Autopoiesis plus . . . Lloyd Fell's informal Australian website inspired by the thinking of Maturana and Varela and all those whose science enriches our quality of life. Since 1997, students and others have been visiting this site to get information about autopoiesis and related subjects. In 2010, the site has been re-designed to feature my work of the last 20 years, in particular, my new book: Mind and Love. TechnologyReview0308.pdf. Autopoietic Computing. Proposed by: firstname.lastname@example.org on 12/30/2013.
Heinz von Foerster - Autopoiesis. The Complexity and Artificial Life Research Concept for Self-Organizing Systems. Autopoiesis and Enaction: The Observer Web. Autopoiesis and knowledge in the organization: conceptual foundation for authentic knowledge management - Limone - 2006 - Systems Research and Behavioral Science. [1304.1842] Information Measures of Complexity, Emergence, Self-organization, Homeostasis, and Autopoiesis. Autopoiesis & how hyper-connectivity is literally bringing the networks to life. When I started writing my book Living Networks in early 2002 I thought that it was important to demonstrate that the concept of ‘living networks’ was not just a metaphor, but a reality: we, together with the networks that connect us, are literally a new life form.
To show this I drew on the literature on autopoiesis, which was proposed as a new way of understanding the nature of life, and wrote a lengthy introduction to the book. My editor, very rightly, thought it was the wrong way to begin the book, and the introduction never saw the light of day. Poietic generator reloaded. The poietic generator: A net experience for cognitive research. Olivier Auber Former research engineer, Telecom ParisTech digital-perspective.net To what extent do networks, interfaces and visualization systems transform non-instrumental human behavior, including crowd phenomena?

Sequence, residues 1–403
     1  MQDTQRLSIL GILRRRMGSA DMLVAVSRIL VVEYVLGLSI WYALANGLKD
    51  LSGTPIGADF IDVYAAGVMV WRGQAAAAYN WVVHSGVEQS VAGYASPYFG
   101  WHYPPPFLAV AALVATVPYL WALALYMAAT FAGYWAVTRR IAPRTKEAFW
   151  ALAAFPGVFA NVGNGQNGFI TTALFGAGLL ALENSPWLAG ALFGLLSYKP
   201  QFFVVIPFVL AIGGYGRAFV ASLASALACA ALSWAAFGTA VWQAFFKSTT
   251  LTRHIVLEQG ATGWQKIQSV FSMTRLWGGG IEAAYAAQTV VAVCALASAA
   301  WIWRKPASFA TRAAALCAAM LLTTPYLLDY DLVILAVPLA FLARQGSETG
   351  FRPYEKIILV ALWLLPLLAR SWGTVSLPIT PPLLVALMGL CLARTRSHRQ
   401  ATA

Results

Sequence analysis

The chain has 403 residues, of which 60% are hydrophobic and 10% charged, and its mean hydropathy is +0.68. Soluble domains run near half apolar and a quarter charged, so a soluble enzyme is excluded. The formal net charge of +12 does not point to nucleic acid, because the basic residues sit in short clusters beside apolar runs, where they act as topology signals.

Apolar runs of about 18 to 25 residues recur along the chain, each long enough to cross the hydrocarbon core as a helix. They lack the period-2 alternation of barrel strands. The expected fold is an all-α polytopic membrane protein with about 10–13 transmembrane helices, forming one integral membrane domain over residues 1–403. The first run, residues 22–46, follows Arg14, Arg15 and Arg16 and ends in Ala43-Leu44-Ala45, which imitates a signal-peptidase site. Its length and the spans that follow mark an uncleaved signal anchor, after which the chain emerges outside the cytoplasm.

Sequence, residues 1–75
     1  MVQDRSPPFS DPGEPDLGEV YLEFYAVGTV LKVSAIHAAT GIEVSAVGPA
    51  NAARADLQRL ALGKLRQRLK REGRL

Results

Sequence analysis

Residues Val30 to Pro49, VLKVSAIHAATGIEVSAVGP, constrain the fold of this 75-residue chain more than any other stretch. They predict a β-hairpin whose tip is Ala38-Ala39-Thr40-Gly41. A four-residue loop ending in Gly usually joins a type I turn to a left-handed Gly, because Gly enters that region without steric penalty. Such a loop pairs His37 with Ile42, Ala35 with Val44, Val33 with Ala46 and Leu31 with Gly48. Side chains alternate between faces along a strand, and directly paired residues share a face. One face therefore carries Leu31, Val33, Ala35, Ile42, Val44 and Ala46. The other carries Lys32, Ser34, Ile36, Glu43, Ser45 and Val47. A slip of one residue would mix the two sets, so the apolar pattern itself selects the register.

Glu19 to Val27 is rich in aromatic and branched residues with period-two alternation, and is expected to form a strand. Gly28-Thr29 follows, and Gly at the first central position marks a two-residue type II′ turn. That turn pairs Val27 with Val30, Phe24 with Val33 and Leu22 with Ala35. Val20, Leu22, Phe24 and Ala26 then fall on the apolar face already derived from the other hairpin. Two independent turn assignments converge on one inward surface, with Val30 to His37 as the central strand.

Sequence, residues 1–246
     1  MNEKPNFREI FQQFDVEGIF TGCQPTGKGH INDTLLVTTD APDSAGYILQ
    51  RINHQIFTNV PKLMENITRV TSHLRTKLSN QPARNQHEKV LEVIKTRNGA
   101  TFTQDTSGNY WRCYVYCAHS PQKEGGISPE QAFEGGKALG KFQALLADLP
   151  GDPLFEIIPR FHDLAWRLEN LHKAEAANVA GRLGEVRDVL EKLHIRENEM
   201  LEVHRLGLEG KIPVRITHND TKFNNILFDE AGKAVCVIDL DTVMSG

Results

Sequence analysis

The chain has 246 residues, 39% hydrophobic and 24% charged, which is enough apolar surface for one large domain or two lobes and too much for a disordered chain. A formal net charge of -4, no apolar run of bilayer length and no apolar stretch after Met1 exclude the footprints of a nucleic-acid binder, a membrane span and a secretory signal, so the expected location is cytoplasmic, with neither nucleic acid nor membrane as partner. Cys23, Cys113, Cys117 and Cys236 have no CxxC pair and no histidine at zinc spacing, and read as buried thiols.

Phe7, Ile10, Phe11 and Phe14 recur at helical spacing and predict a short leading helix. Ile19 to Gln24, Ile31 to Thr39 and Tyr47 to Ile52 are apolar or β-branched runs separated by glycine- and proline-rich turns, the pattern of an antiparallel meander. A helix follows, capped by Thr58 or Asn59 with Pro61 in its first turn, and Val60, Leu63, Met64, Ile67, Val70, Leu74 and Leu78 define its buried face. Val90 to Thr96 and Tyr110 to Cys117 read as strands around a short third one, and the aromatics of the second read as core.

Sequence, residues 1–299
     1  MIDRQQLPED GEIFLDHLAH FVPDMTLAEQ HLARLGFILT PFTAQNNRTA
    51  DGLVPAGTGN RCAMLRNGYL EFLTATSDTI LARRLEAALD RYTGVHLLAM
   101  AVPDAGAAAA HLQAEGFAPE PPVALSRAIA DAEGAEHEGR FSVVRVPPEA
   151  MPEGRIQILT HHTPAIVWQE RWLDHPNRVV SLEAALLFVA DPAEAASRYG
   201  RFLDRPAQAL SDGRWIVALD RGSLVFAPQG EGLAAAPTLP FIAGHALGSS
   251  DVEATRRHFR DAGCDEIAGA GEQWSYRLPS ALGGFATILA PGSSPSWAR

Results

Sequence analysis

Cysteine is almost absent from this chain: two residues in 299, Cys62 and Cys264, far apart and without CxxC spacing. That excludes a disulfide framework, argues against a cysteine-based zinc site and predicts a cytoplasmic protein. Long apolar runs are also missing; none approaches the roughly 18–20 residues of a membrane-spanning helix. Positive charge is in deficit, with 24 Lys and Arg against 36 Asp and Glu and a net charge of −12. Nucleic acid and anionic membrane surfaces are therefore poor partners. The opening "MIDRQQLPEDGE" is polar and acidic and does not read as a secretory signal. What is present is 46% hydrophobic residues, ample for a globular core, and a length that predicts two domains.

The poietic generator is an experimental network designed to artificially create a large human crowd. It not only allows everyone to interact with all the others in real time (via the web or mobile phone), but also to continuously observe the result of this interaction in the form of a global picture. Unlike most current interaction systems (typically those offered by Web 2.0 technologies) where the global social graph remains inaccessible for commercial reasons, here everything is known or knowable, in particular for scientific research. POIETIC GENERATOR. Poietic Generator. The Poietic Generator is a social network game designed by Olivier Auber in 1986, and developed from 1987 under the label free art thanks to many contributors. The game takes place within a two-dimensional matrix in the tradition of board games and its principle is similar to both Conway's Game of Life and the surrealists' Exquisite corpse.